I couldn't have got any fatter, says Ronaldo
RIO DE JANEIRO, Oct 28 (Reuters) - Brazilian striker Ronaldo put on so much weight while he was injured this year that he was running out of clothes that fit him, he said on Tuesday.
The 32-year-old free agent has almost fully recovered from a career-threatening knee injury suffered in February and said he had been working hard to get back in shape and still dreamed of a national team recall.
"I couldn't have got any fatter, I was running out of clothes," Ronaldo said in an interview with the Sportv cable television station.
"Everything on the table is nice but it makes you put on weight. Losing weight is the most difficult part."
Ronaldo has been on a rehabilitation programme at Brazilian club Flamengo since August and training with the team.
"I'm making great sacrifices and, yes, I still dream about the national team," said Ronaldo, who has not played for Brazil since the 2006 World Cup where he scored three goals.
"The national team is part of my life, I have an incredible history, of many conquests and also many defeats.
"But to play for Brazil, I have to have a club and play well. I'm not going to be picked on my past or because of my sponsor, as many have said."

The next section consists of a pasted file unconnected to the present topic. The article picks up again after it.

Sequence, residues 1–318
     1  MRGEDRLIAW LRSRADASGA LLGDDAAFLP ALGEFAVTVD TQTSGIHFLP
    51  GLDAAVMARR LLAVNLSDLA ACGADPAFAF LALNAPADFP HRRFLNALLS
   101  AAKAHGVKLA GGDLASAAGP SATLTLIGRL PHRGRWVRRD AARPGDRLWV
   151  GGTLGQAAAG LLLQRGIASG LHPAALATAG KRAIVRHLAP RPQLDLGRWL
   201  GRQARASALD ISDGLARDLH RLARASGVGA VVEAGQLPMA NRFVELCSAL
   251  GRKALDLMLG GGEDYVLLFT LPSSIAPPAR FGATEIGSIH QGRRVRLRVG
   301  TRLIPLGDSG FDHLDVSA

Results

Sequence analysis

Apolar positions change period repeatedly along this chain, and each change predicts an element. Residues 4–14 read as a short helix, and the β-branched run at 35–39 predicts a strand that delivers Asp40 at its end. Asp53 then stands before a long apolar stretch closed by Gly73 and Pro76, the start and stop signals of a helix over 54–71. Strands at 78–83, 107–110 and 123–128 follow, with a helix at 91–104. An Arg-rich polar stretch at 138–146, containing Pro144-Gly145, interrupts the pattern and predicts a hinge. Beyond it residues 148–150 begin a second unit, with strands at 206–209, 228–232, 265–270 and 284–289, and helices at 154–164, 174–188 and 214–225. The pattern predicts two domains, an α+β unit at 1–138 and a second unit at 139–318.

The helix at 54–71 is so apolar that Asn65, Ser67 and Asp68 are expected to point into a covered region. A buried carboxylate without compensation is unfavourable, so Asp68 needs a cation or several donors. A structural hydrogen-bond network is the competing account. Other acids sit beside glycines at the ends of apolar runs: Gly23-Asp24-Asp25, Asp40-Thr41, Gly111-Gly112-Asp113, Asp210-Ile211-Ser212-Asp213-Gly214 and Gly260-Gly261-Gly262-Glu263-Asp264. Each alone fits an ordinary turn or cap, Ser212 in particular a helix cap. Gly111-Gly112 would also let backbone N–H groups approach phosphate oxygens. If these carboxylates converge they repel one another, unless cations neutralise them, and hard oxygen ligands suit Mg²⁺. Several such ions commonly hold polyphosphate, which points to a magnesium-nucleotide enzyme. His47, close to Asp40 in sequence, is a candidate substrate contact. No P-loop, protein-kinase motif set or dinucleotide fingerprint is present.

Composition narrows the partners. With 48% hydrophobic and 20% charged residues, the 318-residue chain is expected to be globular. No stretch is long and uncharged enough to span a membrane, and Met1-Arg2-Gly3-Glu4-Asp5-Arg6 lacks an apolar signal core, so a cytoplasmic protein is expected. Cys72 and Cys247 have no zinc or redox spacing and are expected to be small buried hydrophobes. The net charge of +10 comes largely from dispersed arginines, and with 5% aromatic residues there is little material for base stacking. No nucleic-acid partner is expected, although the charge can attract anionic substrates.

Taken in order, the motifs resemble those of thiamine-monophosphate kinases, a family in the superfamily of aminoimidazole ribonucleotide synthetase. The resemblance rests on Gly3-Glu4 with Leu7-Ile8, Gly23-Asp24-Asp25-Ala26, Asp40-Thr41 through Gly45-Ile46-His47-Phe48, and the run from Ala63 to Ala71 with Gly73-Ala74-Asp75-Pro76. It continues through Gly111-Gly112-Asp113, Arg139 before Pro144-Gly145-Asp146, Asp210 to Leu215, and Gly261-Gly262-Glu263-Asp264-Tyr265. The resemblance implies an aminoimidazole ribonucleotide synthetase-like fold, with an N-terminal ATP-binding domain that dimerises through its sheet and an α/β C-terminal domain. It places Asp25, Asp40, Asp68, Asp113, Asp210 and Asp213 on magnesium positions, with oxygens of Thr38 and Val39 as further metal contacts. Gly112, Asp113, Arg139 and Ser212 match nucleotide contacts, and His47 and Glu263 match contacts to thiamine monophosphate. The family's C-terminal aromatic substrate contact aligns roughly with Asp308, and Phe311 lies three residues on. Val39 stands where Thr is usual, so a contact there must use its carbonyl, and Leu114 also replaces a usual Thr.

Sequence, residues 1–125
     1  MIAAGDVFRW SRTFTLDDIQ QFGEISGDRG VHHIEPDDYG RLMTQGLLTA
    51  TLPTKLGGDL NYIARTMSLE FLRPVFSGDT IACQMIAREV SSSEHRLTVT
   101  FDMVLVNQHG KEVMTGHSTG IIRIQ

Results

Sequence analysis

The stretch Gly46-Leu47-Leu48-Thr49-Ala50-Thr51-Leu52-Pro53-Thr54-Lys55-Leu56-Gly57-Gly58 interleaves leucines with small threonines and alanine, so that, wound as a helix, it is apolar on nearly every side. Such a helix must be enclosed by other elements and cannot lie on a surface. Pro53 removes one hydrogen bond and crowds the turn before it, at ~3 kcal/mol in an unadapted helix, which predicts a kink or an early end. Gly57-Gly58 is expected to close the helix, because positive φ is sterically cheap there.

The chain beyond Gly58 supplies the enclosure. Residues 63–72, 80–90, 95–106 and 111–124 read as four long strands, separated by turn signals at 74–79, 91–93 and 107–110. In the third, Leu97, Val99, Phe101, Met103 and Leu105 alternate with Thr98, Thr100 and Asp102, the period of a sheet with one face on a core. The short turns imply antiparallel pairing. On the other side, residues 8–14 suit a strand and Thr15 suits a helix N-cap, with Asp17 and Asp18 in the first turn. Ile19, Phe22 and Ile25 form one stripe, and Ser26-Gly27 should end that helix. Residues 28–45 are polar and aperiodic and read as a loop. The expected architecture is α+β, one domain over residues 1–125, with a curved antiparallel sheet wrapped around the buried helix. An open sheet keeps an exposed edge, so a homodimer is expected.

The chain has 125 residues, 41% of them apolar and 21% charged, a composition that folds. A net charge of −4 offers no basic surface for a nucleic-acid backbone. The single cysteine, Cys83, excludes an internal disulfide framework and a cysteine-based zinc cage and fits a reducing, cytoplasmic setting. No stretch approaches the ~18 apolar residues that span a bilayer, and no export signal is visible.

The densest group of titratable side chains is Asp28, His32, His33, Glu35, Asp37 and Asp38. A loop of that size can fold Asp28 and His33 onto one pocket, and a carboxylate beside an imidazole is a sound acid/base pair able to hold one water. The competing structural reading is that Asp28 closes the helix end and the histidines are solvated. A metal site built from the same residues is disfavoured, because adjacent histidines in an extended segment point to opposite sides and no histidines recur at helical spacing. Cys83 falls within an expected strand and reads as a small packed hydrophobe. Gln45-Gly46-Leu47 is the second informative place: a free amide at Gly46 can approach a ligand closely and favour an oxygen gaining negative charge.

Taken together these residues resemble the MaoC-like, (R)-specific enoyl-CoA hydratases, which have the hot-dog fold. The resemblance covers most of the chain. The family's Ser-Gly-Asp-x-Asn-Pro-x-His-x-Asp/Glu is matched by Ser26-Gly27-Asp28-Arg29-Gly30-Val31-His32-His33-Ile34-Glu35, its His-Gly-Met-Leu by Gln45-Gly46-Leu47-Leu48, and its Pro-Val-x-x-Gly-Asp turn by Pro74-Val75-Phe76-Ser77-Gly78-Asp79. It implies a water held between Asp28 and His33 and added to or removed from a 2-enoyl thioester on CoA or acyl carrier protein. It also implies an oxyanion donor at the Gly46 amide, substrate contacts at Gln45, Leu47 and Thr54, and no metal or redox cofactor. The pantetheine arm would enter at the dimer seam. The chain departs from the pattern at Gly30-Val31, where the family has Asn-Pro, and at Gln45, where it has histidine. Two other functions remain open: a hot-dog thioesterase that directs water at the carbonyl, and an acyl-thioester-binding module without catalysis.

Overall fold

Ronaldo ruptured a tendon in his left knee during a Serie A game for AC Milan against Livorno in February and was initially expected to be out for at least nine months.
The striker, who came under fire for appearing to be overweight at the 2006 World Cup, went on to criticise his team's preparations for the tournament in Germany.
Brazil were hot favourites for the title but were knocked out in the quarter-finals by France after a lacklustre campaign.
They spent two weeks warming up for the tournament in the Swiss lakeside village of Weggis, where each training session was watched by a crowd of about 15,000 screaming fans at a specially-constructed arena.
"We had 15 days, a reasonable period of time, but the preparation was a circus," he said. "We didn't have any structure to protect us and it took more than an hour to get to training. There was a lack of organisation.
"Every day, in the morning and in the afternoon, we had 15,000 people shouting in our ears. But I didn't hear anyone say that the preparation sucked. There was no way it could have worked."